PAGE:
Do you wish your kids were in a cool rock band? Do you wish you were in a cool rock band? Well, Rock Band Land can help with one of those things. At first glance, the San Francisco-based youth band camp might seem like just another ridiculous example of the artisanal-string-cheese-eating, urban-outfitted, hipster parenting you love to hate. But actually, it's a pretty awesome way to get kids involved a creative, artistic, collaborative expression.
And songs about cockroach villains who turn humans into sausages so they can sell them for a profit:
Some of you have kids and some of you still act like kids, so here are some fantastic and fun DIY projects to do with children of all ages.
You can admit it - we all had the dream of sleeping in the fort bed when we were a kid; and I'm willing to bet most of us haven't outgrown it quite yet. With my own little kids (finally) sleeping right now, I'm once again dreaming of a bed that will inspire them to dream as big as they possibly can.
Last month, my nephew turned one, and he's suffering the pains of little ones everywhere - new teeth and very sore gums. He's sticking anything he can in his mouth to try to relieve the pain, so my sweetheart asked me if we could make up some dedicated teething toys, made from natural materials, for his birthday gift. And since his parents are both hilarious and always up for a laugh, we decided to go all out and avoid the monkeys and giraffes common in infant toys, and make them in humorous, tongue-in-cheek "manly" shapes.
To pay tribute to Beastie Boys Adam "MCA" Yauch, filmaker James Winters, along with wife, kids, and nephew, made a shot-by-shot recreation of one of the 90s most iconic music videos, the Spike Jonze-directed "Sabotage"...starring children.
When you work from home, you look forward to little things that help break the day up: the mailman coming, the tornado siren test on Wednesdays at noon, the kids skipping along the sidewalk walking home when school lets out, and, most importantly, snack time. Often, it's just a handful of nuts, a bit of leftovers, but usually, a simple piece of fruit.
Which, after I saw this video last week, I've been turning into puzzles. Every day.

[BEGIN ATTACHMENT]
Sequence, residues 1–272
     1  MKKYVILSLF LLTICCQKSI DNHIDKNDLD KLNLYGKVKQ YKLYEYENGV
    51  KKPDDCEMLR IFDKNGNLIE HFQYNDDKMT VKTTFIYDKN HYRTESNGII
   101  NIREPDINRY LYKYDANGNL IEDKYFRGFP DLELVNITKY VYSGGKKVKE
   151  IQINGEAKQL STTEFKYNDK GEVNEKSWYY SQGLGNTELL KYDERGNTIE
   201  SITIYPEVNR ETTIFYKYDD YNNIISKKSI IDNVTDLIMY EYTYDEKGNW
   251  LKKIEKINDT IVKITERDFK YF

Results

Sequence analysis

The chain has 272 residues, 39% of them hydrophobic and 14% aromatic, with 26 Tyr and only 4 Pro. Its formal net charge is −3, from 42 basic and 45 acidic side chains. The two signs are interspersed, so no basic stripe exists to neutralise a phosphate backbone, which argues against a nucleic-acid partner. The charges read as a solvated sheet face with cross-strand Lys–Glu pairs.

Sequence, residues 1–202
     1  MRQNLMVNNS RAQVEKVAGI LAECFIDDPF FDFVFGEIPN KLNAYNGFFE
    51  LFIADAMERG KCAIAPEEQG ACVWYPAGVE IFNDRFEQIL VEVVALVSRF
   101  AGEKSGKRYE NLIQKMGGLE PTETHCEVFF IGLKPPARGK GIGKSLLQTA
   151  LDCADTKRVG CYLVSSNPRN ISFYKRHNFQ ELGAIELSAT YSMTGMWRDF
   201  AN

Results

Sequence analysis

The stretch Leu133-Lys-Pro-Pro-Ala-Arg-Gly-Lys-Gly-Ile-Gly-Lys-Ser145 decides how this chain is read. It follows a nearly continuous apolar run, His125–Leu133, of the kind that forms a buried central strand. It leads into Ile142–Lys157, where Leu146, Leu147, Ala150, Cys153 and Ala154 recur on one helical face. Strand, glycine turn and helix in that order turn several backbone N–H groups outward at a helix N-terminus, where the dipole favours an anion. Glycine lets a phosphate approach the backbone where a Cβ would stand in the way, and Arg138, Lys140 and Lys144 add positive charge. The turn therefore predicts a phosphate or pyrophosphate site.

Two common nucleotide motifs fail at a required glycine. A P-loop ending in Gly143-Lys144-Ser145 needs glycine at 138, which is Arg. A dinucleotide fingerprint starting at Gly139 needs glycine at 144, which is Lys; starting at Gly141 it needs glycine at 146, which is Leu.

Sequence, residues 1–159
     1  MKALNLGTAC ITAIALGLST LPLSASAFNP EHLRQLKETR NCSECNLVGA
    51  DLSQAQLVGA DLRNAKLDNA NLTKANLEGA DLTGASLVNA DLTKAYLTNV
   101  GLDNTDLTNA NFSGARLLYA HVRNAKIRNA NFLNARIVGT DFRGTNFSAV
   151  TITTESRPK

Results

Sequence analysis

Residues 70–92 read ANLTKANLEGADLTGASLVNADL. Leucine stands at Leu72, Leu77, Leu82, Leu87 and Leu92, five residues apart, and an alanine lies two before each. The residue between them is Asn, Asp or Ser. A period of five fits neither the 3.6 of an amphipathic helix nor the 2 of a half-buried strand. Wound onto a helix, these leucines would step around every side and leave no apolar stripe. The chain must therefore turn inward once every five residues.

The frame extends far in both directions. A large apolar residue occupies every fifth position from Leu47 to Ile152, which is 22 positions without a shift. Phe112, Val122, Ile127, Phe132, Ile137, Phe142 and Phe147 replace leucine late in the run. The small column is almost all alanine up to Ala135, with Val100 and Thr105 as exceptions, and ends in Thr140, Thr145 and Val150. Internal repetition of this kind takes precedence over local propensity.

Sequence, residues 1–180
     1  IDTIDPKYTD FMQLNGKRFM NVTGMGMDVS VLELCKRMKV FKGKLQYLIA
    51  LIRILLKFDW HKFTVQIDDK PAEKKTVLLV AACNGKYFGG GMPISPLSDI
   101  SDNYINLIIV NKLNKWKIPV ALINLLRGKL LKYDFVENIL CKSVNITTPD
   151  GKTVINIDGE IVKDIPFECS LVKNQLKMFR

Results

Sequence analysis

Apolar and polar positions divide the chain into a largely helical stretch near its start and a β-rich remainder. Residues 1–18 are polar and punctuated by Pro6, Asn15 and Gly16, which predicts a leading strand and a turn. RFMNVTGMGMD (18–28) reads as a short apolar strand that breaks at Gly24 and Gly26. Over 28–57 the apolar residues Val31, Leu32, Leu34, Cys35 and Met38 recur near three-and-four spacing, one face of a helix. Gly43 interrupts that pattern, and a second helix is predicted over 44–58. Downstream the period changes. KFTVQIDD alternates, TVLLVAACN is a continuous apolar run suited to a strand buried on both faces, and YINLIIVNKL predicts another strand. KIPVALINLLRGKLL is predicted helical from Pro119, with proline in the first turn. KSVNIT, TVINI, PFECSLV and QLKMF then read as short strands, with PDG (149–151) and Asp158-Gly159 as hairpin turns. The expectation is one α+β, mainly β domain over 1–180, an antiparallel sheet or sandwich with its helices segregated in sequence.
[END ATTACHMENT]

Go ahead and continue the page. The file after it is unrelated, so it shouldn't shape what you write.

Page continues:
Danish design firm Monstrum, founded by Ole B. Nielsen and Christian Jensen, has dedicated itself to creating safe, stimulating, and beautifully designed playgrounds for children. They say, "playground design should be a reflection of the world surrounding us. We see the world as a place full of colour...Why only play on a monky frame and a sandbox, when you can play in a moon crater or a submarine or a giant spider or an enormous snail or a Trojans horse or a rocket or an ant or a princess castle. The fantasy is infinite."
I believe it's a scientific fact that kids love stickers. They'll adhere them to any surface they can get their little hands on. This past December, Yayoi Kusama constructed a large domestic environment at the Gallery of Modern Art in Brisbane, painted it entirely white and then handed out colored dot stickers to the children who visited the museum. The kids were invited to put the stickers anywhere they chose in the blank room, transforming it into a prismatic explosion of color and sensory overload.
College spoils young adults in a lot of ways: the ability to live in the same community with thousands of peers and then being forced to interact by the RA, the illusion of financial "independence," or the notion that if you schedule yourself right, you only need to be accountable two days a week, and only from 1:00-4:30 p.m.
But for me, dorm living twisted me in another way: 24-hour access to a ping pong table. I've never lived in a home with enough space for such luxuries as a table tennis and billiard tables, save for those two great years in Swing and Morris halls. At the beginning of freshman year, I wasn't much, but buddy, by the time I was an upper classperson, my roommate Adam and I had that stuff down!
I'll admit it - it never occurred to me to source or make vintage arrows as a home decor accent piece, but why not? They're fun, colorful, and masculine-ish/tongue-in-cheek enough to totally make sense in lots of spaces.
Mom Danielle created these bold arrows while making over her sons' rooms. The shafts are made from dowel rods, and covered in patterned washi tape, fabric scraps, and acrylic tape. And note the erasers as arrow heads - would work quite well with the office supply crossbow, no?
Joel Henriques is a Portland-based artist that seems to be the best dad in the world. His blog, Made By Joel, features awesome, one-off toys, games, and activities that he makes for his two children, and usually includes some steps towards making your own.
If you're an artist on maternity leave, spending the day with your beautiful new child, and have a collection of fabric and textiles to make imaginary worlds, what would YOU do?
I'd do the same as Adela Enerson, who came up with this fantastic way to stay creative while her new daughter, Mila, naps: create scenarios around her that imagine what she might be dreaming.